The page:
Scientists at the Southwest Research Institute in San Antonio, Texas have developed a new non-lethal weapon for the Marines and for police departments. It has been described as "slime." When the gooey substance is sprayed on any surface, it is impossible to travel on that surface. Cars can't drive on it. Their wheels just spin and spin. People can't walk on it. Their feet get stuck, they slip, they slide, and they fall. In other words, the Marines now have a weapon that could have been developed by Larry, Moe, and Curly, with a little help from Elmer Fudd.
Because the government is involved, this thing has a fancy name: the Mobility Denial System, or MDS. There are two methods to dispense this goop. It can be shot out of the cargo compartment of a "Humvee," or smaller units can be attached to a backpack. The latter was precisely the method used to dispense slime in "Ghostbusters," so we know it works. (There is no truth to the rumor that the Marines are testing the effectiveness of clicking boot heels together and saying, "There's no place like home" just because it worked in "The Wizard of Oz").
Marine Captain Andrew B. Warren at Quantico, Va. is in charge of the MDS project. Captain Warren says "riots, protests, noncombat evacuations, and sanctioned enforcement are just a few of the situations where this kind of tactical barrier would be most useful." He's absolutely right that those are only "a few." Other situations include if Wyl E. Coyote ever chases the military or if the police are ever confronted by a scary group of talking trees.
The invention of gunpowder, tanks, and nuclear weapons each changed the way wars and public policy were conducted. Now the invention of Really Sticky Stuff will begin a whole new chapter in military history. I won't be surprised if our tax dollars pay for a study examining the "Cartoon Law of Physics." That's the law that states that if a character jumps off a cliff, he doesn't start to fall until he looks down and realizes how high up he is. In the future, we may see men and women in uniform who seem to be trapped in a room get out by painting a door or a black hole through which they may escape. EIDs or Epidermal Irritation Devices, formerly known as "itching powder," may be standard issue. And will we really need an anti-missile defense system once we deploy recently waxed floors and pie throwing?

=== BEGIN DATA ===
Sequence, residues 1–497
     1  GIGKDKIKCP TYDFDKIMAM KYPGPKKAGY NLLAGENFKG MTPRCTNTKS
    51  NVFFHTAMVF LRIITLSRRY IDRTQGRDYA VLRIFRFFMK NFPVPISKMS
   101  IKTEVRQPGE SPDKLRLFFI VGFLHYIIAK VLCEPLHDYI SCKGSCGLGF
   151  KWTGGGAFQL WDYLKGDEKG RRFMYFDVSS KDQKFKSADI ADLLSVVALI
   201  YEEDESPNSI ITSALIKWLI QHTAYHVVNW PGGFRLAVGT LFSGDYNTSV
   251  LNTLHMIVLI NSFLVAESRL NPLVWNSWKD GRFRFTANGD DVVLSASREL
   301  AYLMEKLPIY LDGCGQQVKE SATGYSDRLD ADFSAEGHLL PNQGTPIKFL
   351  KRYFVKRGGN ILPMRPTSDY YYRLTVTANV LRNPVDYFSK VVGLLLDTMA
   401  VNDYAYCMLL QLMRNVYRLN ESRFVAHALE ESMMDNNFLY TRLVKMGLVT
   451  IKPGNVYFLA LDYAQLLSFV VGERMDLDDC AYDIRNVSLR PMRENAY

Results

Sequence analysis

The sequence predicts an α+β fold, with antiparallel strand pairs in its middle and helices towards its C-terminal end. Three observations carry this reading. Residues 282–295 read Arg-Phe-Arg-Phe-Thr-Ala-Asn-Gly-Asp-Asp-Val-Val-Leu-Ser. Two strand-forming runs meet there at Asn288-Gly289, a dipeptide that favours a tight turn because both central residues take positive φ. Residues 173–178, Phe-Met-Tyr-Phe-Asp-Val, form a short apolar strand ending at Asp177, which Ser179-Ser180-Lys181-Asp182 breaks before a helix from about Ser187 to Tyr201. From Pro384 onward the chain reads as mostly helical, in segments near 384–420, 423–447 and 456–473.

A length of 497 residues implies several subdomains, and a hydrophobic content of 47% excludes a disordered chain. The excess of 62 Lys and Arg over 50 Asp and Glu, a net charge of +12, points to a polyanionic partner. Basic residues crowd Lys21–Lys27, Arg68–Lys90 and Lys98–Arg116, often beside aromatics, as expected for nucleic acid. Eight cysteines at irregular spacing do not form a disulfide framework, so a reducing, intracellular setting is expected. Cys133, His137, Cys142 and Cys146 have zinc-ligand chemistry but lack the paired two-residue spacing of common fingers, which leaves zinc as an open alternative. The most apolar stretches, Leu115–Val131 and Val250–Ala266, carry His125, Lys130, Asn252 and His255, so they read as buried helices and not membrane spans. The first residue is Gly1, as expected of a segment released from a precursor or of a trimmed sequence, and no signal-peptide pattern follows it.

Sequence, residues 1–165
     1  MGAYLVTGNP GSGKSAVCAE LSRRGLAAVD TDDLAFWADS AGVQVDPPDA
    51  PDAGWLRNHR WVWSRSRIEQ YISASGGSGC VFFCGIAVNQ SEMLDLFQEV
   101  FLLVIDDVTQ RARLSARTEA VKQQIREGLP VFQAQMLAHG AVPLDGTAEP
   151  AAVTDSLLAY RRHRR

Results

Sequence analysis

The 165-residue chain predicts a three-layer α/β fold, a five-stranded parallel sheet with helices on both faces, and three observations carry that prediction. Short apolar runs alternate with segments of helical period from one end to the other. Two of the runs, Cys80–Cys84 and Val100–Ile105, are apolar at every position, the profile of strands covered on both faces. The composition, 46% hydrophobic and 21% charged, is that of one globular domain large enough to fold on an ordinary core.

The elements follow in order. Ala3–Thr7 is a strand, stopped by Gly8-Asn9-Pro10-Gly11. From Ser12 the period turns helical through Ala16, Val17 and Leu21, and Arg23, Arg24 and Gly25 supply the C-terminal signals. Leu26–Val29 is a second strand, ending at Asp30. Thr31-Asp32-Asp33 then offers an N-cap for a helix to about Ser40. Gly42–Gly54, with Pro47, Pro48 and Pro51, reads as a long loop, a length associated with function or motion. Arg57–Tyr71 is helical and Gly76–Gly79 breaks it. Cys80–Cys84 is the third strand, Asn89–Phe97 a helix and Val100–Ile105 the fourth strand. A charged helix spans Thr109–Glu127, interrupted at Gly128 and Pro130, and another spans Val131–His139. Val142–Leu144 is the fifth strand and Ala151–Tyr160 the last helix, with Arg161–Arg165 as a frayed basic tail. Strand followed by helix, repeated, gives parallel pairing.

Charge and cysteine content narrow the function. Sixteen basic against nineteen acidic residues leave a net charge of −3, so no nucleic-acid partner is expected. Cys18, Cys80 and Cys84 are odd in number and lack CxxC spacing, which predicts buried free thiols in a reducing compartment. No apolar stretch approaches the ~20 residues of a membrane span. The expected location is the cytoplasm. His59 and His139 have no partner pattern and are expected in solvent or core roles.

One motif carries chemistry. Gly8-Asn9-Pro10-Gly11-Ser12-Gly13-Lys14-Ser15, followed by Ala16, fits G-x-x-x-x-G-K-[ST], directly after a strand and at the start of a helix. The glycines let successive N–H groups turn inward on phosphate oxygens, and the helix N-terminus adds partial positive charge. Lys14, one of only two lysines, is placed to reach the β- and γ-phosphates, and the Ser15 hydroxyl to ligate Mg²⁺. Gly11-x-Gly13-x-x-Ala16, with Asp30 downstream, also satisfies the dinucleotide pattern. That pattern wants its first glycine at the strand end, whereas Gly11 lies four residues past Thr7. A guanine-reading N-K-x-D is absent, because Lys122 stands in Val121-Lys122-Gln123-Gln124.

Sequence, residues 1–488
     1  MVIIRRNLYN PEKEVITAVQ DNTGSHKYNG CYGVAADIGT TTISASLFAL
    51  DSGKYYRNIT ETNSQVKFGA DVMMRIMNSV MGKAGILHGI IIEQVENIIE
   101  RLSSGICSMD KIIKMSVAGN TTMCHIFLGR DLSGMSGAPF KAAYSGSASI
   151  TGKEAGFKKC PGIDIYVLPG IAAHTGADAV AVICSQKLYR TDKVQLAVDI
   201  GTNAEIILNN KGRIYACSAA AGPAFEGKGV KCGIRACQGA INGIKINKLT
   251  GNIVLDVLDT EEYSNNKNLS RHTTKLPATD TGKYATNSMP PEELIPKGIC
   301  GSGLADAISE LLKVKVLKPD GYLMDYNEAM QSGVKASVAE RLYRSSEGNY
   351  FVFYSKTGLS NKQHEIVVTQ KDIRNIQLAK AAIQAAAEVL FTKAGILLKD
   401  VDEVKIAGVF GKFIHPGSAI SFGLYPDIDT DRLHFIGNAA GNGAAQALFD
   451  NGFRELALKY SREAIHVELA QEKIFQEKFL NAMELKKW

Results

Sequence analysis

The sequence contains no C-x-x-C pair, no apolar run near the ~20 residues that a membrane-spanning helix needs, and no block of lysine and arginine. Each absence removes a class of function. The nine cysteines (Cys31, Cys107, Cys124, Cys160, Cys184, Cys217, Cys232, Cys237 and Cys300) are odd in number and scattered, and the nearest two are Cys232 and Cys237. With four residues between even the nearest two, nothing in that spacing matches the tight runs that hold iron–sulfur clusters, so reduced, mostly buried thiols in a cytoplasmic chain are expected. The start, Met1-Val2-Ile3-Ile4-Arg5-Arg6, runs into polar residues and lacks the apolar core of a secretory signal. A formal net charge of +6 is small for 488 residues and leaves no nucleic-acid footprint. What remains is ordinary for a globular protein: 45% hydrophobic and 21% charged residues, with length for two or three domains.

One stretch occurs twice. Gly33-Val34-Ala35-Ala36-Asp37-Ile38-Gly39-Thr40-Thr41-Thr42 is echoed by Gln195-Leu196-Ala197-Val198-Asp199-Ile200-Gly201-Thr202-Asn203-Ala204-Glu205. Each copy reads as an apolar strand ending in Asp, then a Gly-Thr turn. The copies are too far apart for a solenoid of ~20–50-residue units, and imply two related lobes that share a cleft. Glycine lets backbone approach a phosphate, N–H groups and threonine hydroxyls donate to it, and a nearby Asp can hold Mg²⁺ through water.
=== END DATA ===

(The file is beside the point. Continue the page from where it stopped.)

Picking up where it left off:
Captain Warren specifically referred to crowd control as a good use for MDS. If a crowd is, say, celebrating the victory of their favorite basketball team and getting ugly and unruly, all the police have to do is spray this stuff on the ground. Then, the hooligans will be stuck in slime and unable to move. And nobody will get hurt.
That's the part of this whole thing that I can't make fun of -- nobody gets hurt. As silly as this gooey weapon seems, I can't deny that I think there's something wonderful about a weapon that is designed to avoid hurting people. At first, I thought the one drawback of the system was that if the "bad guys" are stuck in goop, the "good guys" might find it so funny that both sides will end up laughing hysterically and be immobilized. Then I realized that wouldn't be so bad. There are worse ways to end a conflict than with laughter. It wouldn't be so terrible if sometimes our men and women in uniform were able to end their day by winking, smiling, and saying, "Th-that's All, Folks."
E-mail your questions and comments to Lloyd Garver
Lloyd Garver has written for many television shows, ranging from "Sesame Street" to "Family Ties" to "Frasier." He has also read many books, some of them in hardcover.size>
By Lloyd Garver